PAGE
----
The Americans with Disabilities Act (ADA) was signed into law on July 26, 1990 — now recognized as National Disability Independence Day, making July Disability Pride Month. Celebrate the passage of the landmark ADA and learn about the Disability Rights movement in “Disability in the Modern World: History of a Social Movement,” a new resource in the Library’s A-Z Databases list!
You will find stories that transformed society and yet were left out of history books — about the battle to secure disability rights, and the role that people with disabilities have played in all aspects of modern life. You can fill gaps in your knowledge about the impact that people with disabilities have had in media, the arts, political science, education, and other areas where the contributions of the disability community are typically overlooked. This dynamic and growing resource will contain over 150,000 pages of primary sources, supporting materials, and archives, along with 125 hours of video when completed.
“Disability in the Modern Word” contains the first complete digitized run of “The Disability Rag” and its successor, “The Ragged Edge” — a periodical that launched a revolution in 1980, uniting activism nationwide into a growing, passionate community. At a time when people who experienced disabilities had no control over how they were portrayed in the media, periodicals like “The Disability Rag” fostered solidarity, and now they also serve as a lens through which the entirety of the disability rights movement to the present can be seen.
You can learn about Ed Roberts (1939-1995), widely regarded as the “father” of the Independent Living Movement. A memorial tribute in the May/June 1995 issue of “The Disability Rag” likens Roberts’ story to “our basic myth, the tale we can sit around and tell each other to understand who we are …” The article describes the arc of Roberts’ life as “a young man determined to go to college despite his paralysis … talking his way into staying in the Berkeley campus infirmary, then getting dorm housing for himself and other quads … becoming director of the [California] Rehab Department that 10 years earlier had deemed him unemployable; think-tank founder, MacArthur ‘genius’”. The tribute cites one admirer who said, “There are no statues of him, but nearly every city street corner has a monument to him: a curb cut” — those concrete ramps built into sidewalks, easing wheelchair access and making life easier for everyone, whether they are pushing strollers, wheeling bicycles, or pulling suitcases.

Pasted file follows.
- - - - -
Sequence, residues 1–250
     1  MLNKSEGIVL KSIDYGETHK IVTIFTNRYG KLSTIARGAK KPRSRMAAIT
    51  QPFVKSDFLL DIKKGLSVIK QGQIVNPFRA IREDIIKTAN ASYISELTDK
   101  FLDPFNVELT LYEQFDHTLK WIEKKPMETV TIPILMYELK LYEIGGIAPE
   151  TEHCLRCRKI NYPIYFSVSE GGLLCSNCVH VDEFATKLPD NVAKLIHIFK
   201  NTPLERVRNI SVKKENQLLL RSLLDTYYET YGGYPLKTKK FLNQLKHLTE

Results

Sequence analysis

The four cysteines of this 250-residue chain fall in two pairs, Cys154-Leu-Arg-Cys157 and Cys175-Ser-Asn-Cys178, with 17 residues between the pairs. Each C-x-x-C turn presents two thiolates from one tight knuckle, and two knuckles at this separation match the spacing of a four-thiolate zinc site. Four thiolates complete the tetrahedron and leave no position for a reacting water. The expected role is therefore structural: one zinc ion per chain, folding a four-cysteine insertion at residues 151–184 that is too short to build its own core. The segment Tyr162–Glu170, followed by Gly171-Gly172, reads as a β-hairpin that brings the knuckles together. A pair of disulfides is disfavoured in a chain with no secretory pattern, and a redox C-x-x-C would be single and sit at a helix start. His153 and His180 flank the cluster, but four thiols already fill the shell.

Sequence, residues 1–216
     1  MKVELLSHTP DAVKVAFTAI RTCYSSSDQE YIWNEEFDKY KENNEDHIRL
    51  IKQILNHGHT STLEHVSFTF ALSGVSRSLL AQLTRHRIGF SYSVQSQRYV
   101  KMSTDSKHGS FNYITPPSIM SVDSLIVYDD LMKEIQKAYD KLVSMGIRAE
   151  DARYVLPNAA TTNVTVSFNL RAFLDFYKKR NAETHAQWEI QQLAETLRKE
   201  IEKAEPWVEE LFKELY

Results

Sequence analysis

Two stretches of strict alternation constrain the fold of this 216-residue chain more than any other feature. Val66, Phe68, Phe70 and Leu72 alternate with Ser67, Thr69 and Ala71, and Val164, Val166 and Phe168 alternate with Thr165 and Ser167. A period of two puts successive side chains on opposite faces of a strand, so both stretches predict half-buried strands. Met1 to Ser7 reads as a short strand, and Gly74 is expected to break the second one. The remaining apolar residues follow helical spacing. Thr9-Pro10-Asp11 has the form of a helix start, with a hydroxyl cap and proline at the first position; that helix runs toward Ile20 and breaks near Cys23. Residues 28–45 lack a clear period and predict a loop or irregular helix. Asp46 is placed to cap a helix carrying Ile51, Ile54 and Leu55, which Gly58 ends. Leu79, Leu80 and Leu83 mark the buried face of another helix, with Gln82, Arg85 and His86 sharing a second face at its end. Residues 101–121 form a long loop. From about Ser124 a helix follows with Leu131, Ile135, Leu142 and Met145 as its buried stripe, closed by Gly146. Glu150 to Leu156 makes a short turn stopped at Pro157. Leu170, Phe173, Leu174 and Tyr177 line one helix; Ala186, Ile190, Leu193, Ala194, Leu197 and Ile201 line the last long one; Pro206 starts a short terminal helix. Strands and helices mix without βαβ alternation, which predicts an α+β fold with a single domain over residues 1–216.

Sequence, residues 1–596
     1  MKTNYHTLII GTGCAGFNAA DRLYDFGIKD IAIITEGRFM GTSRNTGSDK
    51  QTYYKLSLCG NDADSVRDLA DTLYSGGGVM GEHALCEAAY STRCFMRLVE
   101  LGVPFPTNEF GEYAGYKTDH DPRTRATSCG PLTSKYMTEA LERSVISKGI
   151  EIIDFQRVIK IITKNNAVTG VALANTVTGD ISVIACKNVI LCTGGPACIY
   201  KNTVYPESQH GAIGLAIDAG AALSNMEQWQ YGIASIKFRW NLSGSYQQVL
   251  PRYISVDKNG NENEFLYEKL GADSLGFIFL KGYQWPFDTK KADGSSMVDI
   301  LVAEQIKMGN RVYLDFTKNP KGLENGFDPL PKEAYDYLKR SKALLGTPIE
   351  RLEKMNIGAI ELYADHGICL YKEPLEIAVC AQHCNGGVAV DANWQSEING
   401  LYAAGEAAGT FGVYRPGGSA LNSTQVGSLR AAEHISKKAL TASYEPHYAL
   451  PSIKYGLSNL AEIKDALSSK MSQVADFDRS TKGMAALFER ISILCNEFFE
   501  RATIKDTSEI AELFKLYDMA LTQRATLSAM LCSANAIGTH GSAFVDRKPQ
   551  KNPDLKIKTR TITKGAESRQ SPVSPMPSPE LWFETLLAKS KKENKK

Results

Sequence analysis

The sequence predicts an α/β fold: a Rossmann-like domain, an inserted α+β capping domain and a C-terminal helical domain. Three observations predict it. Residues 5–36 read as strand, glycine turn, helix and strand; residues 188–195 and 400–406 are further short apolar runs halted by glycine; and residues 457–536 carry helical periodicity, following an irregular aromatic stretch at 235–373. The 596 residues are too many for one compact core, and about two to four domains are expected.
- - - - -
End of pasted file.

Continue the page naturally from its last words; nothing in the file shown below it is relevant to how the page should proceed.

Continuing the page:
In addition to historical periodicals, other sources in the database include:
- Press Releases
- Documentary Films
- Art Films
- Chat Shows
When you click the link to “Disability in the Modern World,” you should be allowed to enter as a University of Virginia user, which will give you full access to the database. If you see “samples” of content, please clear your computer cache, close your browser, and try again. The publisher, Alexander Street, is aware of the problem and they are working to fix it.
Please visit the Library’s Accessibility Services page to find out what the Library is doing to provide equitable access to our collections and library services. You can report barriers to access anywhere at UVA on the University’s Report a Barrier form.